Incoming LSC President Representing NEK Collaborative at White House Forum
BERTOLINO INVITED TO WHITE HOUSE
June 11, 2012
Dr. Joseph Bertolino, Lyndon State College’s incoming president, and Bob Whittaker, vice chair of the Northeast Kingdom (NEK) Collaborative, are headed to Washington, D.C., on June 13 to participate in the day-long Forum on Regional Innovation in Rural America at the White House. The two are representing the innovative work of the NEK Collaborative and Lyndon State College at the forum.
The invitation comes courtesy of the United States Department of Agriculture and was prompted by the Collaborative’s efforts “to promote regional economic development strategies.”
Bertolino and Whittaker will share their perspectives and experiences both with the Obama Administration and peers across the country and discuss how the federal government can continue to support innovative regional strategies. “One of the things that attracted me to Lyndon and the Northeast Kingdom is the sense of community and the commitment to working together—both on and off campus—to break the cycle of regional poverty by preparing every student for personal and professional success while helping to keep and create jobs,” said incoming President Bertolino.
The NEK Collaborative was formed in 1996 to find ways to collaborate on economic and community development issues in Vermont’s Orleans, Essex and Caledonia counties, an area known as the Northeast Kingdom. This 2,000 square mile region holds many of Vermont’s rustic and unspoiled landscapes and its most economically distressed communities.
The NEK Collaborative works by bringing diverse groups together to discuss key issues and to then channel these discussions into action. In recent years, the Collaborative has organized a dozen community forums to explore concerns and identify priorities on a diversity of issues including arts and culture, housing, economic development, health and wellness, water and wastewater infrastructure, and telecommunications.
In 2000, United States Senators Patrick Leahy and James Jeffords were instrumental in helping the Collaborative secure USDA-Rural Economic Area Partnership (REAP) Zone status for the NEK. The REAP Zone designation was in response to the area’s disproportionately high poverty levels, low household income rates, and high unemployment rates. The Collaborative monitors the NEK’s REAP Zone eligibility through strategic planning, benchmarking, and reporting. Over the past 13 years, REAP Zone status has helped secure tens of millions of dollars in funding for infrastructure, public safety, and housing needs in addition to helping support small businesses while growing the area’s tourism, manufacturing and agriculture industries. Examples of projects that have been funded by USDA REAP-designated funds include:
• Jay Peak Volunteer Fire Department purchasing a ladder truck to serve new hotels at Jay Peak Resort.
• Gilman Housing Trust constructing 21 units of subsidized affordable housing in Newport and correcting a blighted area in a city with a 0% vacancy rate on subsidized housing.
• Lyndon State College & Vermont Small Business Development Center establishing an Incubator without Walls to involve 161 college students in helping 70 businesses keep or create 78 jobs.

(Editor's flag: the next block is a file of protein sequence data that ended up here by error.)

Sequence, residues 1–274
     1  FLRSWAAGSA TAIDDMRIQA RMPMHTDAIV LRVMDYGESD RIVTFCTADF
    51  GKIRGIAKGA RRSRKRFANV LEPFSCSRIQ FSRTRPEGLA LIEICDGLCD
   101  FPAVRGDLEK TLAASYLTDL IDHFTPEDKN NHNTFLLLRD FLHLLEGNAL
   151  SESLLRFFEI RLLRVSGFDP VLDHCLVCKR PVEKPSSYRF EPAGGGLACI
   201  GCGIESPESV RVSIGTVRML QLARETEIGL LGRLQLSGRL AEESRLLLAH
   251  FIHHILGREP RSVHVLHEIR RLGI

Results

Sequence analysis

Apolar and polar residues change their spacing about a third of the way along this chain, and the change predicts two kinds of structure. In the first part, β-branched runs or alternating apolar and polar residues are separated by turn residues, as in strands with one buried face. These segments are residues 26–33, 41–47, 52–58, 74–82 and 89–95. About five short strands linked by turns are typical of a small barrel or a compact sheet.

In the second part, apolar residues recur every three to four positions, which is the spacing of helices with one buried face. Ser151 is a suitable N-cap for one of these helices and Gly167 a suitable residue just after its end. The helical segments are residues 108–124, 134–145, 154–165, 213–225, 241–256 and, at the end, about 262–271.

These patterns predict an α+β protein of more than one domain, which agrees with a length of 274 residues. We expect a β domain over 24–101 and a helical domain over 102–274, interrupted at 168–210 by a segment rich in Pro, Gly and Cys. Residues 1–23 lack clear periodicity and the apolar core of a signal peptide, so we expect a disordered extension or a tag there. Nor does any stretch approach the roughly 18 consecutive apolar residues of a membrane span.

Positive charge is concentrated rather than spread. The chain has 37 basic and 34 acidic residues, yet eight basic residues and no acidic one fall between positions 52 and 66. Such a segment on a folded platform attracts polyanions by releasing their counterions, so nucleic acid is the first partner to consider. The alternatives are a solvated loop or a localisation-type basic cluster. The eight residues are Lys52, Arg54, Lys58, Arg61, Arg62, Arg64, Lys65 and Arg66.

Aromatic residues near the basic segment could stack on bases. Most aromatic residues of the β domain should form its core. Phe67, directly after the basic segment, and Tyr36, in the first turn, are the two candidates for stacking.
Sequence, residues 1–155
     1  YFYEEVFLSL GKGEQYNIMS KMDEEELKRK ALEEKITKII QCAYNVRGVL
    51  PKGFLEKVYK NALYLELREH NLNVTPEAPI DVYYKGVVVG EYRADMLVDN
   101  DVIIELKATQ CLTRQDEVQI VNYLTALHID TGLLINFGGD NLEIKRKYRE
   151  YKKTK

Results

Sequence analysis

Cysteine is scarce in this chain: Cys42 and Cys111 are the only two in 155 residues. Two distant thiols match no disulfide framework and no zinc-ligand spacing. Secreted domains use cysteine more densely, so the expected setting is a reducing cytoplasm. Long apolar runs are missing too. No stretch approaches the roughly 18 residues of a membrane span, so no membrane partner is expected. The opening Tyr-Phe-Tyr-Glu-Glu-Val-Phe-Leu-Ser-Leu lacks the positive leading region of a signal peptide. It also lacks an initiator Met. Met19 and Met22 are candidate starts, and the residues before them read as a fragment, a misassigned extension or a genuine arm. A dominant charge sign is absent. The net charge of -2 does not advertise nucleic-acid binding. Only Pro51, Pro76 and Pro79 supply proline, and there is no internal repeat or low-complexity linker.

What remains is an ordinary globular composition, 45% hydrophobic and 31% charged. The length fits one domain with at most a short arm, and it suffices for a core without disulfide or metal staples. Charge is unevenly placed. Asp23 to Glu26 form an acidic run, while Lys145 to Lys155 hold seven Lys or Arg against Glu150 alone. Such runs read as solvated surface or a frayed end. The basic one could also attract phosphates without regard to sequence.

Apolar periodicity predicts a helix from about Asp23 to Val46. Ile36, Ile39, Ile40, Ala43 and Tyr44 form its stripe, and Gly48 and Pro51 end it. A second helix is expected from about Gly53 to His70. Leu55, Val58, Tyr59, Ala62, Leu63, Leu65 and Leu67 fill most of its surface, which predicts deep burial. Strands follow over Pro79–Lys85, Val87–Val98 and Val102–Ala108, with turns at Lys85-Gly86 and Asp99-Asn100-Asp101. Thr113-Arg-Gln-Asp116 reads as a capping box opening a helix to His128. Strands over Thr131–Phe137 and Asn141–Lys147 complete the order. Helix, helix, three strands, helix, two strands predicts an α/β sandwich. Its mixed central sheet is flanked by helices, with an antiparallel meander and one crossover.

• Northeast Kingdom Travel & Tourism Association managing the sustainability and Geotourism platform for the region, developing a comprehensive Agritourism Initiative, launching a regional central reservations program, and helping address the region’s hospitality workforce education needs.
• Nulhegan Gateway Association establishing the global model for community participation in creating National Geographic Geotourism Mapguides.
• Newport City Renaissance Corporation launching Fresh By Nature to connect consumers with growers and makers of the region.
• Northeastern Vermont Development Association helping launch the Food Venture Center, a key ingredient to the value-added agriculture industry that has created 776 new jobs with an average salary of $35,000 in recent years.
• Northern Community Investment Corporation developing cost estimates and preliminary plans for connecting to a natural gas pipeline, creating a Combined Heat & Power Facility, and conducting an industrial marketing analysis for the Beecher Falls region, following the lay-off of about 500 employees.
Whittaker said that “the NEK Collaborative is incredibly grateful for all of the work that has been accomplished and the partnerships that have emerged as a result of USDA-Rural Development Funding and the REAP Zone Status. While remarkable things have been accomplished, there remains great work still to do.”
In addition to advocating for the continuation of the NEK’s REAP Zone designation, incoming President Bertolino will discuss LSC’s two core initiatives that help advance the Collaborative’s strategic plan, the Patrick and Marcelle Leahy Center for Rural Students and the Center for Rural Entrepreneurship (CRE).
The forum begins with a short introductory presentation by White House and USDA staff. The rest of the morning session is for participants to share best practices and to discuss the challenges rural communities are addressing. An afternoon peer exchange session will focus on a few particular topics and expand upon some of the issues raised in the morning session. The Collaborative is one of approximately 20 organizations nationwide that will be attending this event.